GCC is developing programming for the Criminal Legal System. Please check back soon for updates.
Questions? Please contact us for more information.

Community and workplace

Restorative Support for Organizational Conflict and Development

As we learn about conflict, we begin to understand that it is a natural part of life, and particularly life lived with and among others.  A wise mentor once said, “The only place you won’t find conflict is in a cemetery, and that’s because everyone is dead.”  Without intentional learning and practice, conflict can feel scary or painful.  As we deepen our skills and understanding about conflict, we can begin to embrace it as a source of growth and understanding, as well as an opportunity to build community and strengthen relationships.  

Georgia Conflict Center would like to help your organization welcome and embrace conflict as a source of growth, inspiration and even creativity.  As you and your colleagues develop the understanding, skills and processes for being with and for each other in the midst of conflict, you will experience short-term and long-term tangible benefits within the life of your organization.  Below are a few potential offerings that you might consider to begin your journey to becoming a Restorative Organization, or an organization that values community and relationships rooted in respect, collaboration, inclusion and making right when wrong has been done.

1) 3-hour Introductory Workshop on Conflict and Restorative Approaches for Transforming Conflict

This introductory workshop will help participants reframe conflict as an opportunity, as well as develop effective ways of dealing with conflict.  Workshop objectives include:

  • Participants will develop a shared understanding of conflict
  • Participants will learn about the primary styles for responding to conflict, as well as the strengths and challenges of each.
  • Participants will explore Nonviolent Communication (NVC) as a communication tool for strengthening our ability to compassionately hear our own needs and those of others.

Cost of this Introductory Workshop: approximately $1,000 for 25 or fewer participants (larger group workshops available upon request¹

Note: Depending on the needs of your organization, GCC will also offer followup sessions to assist your organization with the operationalization of restorative approaches to conflict and harm. This would be best negotiated on a case-by-case basis.

¹ GCC is committed to serving our community, regardless of the ability to pay. Please do not hesitate to reach out about pricing options or scholarship support should proposed costs be an obstacle.

2) Restorative Facilitation Support

At times it is helpful to have a 3rd party assist with facilitation and support in the midst of conflict or harm.  GCC is willing to provide expert facilitation and restorative support for you and your colleagues toward a pathway of repair and making things better for all.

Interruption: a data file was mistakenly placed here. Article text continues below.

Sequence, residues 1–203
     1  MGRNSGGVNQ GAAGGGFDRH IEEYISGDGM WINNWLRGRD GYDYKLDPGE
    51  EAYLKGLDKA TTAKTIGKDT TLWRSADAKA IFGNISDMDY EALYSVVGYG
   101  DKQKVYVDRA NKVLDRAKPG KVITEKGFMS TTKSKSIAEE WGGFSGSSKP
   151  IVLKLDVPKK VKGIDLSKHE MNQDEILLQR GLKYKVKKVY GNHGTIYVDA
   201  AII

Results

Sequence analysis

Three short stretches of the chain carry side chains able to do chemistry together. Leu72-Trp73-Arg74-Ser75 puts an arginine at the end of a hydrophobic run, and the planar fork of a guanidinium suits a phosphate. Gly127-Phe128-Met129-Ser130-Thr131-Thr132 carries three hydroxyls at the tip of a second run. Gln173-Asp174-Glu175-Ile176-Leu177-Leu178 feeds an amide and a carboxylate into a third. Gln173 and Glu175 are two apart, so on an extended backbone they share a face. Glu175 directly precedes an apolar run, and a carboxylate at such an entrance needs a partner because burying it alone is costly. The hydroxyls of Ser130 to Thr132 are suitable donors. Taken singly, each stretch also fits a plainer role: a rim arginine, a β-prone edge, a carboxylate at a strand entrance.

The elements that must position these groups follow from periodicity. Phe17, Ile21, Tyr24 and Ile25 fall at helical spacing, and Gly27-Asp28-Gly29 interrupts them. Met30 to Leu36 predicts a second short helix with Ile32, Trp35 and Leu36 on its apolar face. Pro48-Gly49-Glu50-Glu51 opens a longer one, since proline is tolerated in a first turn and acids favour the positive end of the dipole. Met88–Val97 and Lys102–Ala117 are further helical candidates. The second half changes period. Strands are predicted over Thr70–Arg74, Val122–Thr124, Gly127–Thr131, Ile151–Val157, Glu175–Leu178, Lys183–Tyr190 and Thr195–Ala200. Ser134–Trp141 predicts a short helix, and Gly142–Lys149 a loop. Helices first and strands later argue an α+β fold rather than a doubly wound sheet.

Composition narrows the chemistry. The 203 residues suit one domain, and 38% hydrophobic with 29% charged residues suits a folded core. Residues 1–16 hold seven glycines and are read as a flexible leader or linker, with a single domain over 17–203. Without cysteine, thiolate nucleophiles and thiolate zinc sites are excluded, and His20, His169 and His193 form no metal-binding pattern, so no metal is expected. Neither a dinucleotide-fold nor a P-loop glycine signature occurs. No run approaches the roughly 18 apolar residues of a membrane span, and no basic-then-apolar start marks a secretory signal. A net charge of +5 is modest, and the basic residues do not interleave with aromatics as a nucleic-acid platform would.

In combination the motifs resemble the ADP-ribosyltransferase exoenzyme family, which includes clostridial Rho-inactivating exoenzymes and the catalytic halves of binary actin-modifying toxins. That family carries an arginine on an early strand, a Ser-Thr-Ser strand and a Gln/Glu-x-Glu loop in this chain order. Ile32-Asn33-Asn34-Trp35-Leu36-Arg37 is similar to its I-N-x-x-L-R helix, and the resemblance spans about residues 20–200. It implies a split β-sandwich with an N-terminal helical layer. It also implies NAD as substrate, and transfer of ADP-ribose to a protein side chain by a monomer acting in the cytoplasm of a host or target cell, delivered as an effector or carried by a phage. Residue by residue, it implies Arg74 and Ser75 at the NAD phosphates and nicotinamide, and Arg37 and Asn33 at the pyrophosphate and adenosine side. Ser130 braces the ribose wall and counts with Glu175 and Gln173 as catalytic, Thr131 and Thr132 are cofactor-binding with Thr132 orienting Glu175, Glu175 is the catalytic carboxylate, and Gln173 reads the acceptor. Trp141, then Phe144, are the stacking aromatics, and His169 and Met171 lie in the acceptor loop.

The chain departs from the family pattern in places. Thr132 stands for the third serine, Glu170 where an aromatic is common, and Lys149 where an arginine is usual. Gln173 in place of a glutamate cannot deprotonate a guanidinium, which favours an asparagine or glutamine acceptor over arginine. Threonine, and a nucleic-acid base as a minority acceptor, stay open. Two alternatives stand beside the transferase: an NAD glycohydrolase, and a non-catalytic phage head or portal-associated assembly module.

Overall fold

Restorative Pathways can look quite different based on the situation and the needs of the group.  GCC provides a customized approach, tailored to the needs of your group or organization.  We offer a 30-minute free consultation to discuss your particular situation and how GCC can provide restorative support.

Cost for Restorative Facilitation Support: approximately $200 per hour for direct services and $75 per hour for indirect services/preparation/follow-up.²

²These are cost approximations, however we will share a more detailed cost proposal following an initial consultation that will be suited to the needs of your group or organization.

3) Follow-up Skill-building Workshops

In order for your organization to be able to embrace conflict as a source of growth, inspiration and creativity, developing new skills and internal processes will be essential.  GCC will support you with skill-building for conflict transformation according to your specific needs and desires.  Some of the offerings may include:

  • Restorative Circles: Learn the roots, principles, values and procedures associated with Restorative Peacemaking Circles.  This training focuses on learning about and practicing restorative circles for building community, creating space for dialogue and democratic participation.
  • Nonviolent Communication: This is  a practice-based workshop that is  a natural follow-up to the 3-hour introductory workshop.  Participants have the opportunity to deepen their skills and practice the 4-step process of nonviolent communication in several different scenarios.
  • Responsive Restorative Approaches for Dealing with Conflict, Harm and Wrongdoing:  Participants have the opportunity to learn and practice  a range of formal and informal restorative interventions in order  to support others  working through conflict and harm.
  • Organizational Development: This is a hands-on workshop that will help participants understand and imagine how their organization’s culture and everyday climate can better align with restorative conflict resolution and communication. We will focus on work culture, worker engagement, role clarity, and communication processes, including but not limited to conflict. 

Meet Our Staff and Organizational Conflict Collaborators

Georgia Conflict Center supports community groups, organizations and workplaces toward developing the skills and understanding to engage conflict with empathy, compassion and inclusive, collaborative process.

Building community capacity for engaging conflict and harm with empathy, respect, support and accountability is a central strategy for the Georgia Conflict Center.

Through training and facilitation in conflict transformation, restorative practices and nonviolent communication, we are working to support community groups and organizations to build peace with justice.

Can we support you, your group or your organization? Contact us and let us know how we can help.